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Last edited: August 12, 2020

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Preventing violence against women and girls requires a coordinated approach across different segments of society.  It involves multiple strategies that mutually reinforce each other reaching individuals where they live, work, learn and play, as well as, broader communities and society at large. The evidence-base shows that there are a range of individual, community and societal characteristics and conditions that can either create greater or lower risks for violence committed against girls and women. Among these are gender-discriminatory laws and policies, inequal power relations between men and women and social norms, behaviours and attitudes that contribute to discrimination and inequality. The UN Prevention Framework to Underpin Action to Prevent Violence against Women brings together this evidence-base and articulates a comprehensive approach to prevent violence, requiring the development of interventions that address cultures, structures and practices across organizations; interventions that reach a wide range of people and organizations at the local, regional and national level. The framework recommends the use of a variety of entry points for social norms change, including the use of media and popular culture (UN Women, 2015).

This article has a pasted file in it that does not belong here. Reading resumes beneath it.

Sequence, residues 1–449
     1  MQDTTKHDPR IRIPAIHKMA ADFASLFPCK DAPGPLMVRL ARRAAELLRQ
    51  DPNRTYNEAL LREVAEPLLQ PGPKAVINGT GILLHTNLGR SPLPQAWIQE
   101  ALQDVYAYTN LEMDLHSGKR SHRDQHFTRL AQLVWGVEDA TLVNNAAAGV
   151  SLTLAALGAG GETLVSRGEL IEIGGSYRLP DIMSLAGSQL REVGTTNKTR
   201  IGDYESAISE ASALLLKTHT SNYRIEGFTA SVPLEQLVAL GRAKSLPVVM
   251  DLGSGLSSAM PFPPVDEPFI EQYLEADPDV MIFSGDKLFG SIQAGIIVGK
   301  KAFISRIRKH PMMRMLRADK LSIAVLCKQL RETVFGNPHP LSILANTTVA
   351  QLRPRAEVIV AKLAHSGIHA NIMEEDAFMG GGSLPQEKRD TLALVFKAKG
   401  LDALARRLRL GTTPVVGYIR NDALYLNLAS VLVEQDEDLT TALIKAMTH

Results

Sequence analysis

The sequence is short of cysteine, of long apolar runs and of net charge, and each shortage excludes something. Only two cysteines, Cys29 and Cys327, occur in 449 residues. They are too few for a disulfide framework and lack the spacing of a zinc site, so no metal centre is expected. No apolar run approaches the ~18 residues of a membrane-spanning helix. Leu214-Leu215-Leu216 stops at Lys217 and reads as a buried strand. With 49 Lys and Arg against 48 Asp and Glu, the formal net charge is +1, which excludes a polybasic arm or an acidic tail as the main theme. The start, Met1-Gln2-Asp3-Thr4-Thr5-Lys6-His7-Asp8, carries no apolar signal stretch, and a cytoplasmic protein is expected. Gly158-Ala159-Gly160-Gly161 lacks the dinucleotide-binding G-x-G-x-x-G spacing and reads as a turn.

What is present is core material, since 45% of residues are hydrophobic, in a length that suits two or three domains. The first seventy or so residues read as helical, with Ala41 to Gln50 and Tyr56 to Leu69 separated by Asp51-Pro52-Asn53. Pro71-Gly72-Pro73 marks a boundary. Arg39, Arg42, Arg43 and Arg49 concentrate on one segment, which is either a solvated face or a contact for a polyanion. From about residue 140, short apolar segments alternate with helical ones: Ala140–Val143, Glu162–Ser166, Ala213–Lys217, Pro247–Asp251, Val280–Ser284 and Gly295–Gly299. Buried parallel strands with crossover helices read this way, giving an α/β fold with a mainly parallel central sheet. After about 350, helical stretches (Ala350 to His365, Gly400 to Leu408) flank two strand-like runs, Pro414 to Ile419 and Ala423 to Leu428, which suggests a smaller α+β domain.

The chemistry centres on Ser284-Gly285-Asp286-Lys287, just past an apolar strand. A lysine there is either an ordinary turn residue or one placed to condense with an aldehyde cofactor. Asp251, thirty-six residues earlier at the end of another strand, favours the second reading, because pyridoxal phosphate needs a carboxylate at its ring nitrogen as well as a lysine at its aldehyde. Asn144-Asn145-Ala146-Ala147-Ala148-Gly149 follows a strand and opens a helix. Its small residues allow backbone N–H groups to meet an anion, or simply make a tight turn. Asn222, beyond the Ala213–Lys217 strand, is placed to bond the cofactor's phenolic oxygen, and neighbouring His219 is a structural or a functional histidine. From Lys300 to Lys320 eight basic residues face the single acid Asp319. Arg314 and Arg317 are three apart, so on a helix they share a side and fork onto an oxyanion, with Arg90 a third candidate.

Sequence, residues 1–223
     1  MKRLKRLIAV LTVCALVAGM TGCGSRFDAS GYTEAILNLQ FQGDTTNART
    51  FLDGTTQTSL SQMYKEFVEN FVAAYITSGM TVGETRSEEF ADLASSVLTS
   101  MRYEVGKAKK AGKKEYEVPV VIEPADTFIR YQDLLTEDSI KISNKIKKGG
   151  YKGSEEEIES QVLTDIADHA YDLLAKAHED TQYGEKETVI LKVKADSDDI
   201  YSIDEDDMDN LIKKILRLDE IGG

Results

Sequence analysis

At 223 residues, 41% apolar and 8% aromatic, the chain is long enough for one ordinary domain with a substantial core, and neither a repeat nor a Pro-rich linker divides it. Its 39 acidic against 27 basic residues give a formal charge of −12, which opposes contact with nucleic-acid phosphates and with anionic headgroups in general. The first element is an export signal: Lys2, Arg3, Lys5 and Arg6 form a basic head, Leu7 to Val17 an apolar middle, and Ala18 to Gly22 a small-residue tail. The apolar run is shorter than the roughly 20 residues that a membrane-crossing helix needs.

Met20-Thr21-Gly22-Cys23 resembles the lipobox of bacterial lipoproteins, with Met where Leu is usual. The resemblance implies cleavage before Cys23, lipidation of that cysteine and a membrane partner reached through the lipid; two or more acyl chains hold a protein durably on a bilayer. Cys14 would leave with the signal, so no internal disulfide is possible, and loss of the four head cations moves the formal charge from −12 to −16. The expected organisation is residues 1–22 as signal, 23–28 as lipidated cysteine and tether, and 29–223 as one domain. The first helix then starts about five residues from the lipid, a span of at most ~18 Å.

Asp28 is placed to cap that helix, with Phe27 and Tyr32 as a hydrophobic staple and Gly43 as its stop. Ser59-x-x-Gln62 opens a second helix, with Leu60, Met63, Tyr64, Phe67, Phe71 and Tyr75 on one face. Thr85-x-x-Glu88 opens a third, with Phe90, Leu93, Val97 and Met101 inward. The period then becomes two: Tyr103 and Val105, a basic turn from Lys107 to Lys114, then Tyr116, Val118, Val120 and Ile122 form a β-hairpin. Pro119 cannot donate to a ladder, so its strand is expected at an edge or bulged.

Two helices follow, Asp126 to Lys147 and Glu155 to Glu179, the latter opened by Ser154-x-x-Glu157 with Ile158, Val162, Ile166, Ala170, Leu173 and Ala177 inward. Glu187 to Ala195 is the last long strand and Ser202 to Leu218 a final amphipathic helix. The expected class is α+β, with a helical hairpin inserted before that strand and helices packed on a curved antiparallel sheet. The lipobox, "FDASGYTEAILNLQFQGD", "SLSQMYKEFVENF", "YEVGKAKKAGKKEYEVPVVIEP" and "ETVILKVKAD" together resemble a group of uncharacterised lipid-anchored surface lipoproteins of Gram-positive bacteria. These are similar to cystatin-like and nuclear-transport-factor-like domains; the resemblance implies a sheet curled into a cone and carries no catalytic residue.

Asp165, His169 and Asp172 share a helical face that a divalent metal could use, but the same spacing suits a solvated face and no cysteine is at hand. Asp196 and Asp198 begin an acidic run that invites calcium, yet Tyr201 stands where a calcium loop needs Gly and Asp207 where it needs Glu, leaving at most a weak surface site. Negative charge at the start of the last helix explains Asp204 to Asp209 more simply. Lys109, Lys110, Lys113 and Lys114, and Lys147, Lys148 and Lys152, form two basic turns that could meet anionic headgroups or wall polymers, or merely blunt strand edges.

Media is an important reflection of and driver of prevailing norms and to some extent values in any given society. Its influential role and broad reach make it a critical entry point for purposefully promoting ideas of equality, non-discrimination and non-violence. Undoing harmful norms that underpin violence and promoting pro-social or positive norms, requires addressing ‘everyday’ attitudes, beliefs, practices and behaviours that reinforce traditional gender stereotypes and roles which discriminate against girls and women. It requires challenging notions of masculinity and femininity, power dynamics between men and women, boys and girls and hierarchies of privilege based on gender identity, race/ethnicity, religion or any other characteristic. It also entails framing of the issue as a social phenomenon.  In other words, individual incidents of violence cannot be treated in the media as independent and isolated instances but must be positioned within a broader understanding/explanation of the factors that allow abuse against girls and women on such a large scale. This work is about ‘flipping the script’ to uphold narratives of equality, women’s rights, non-discrimination and zero tolerance for abuse of any kind.

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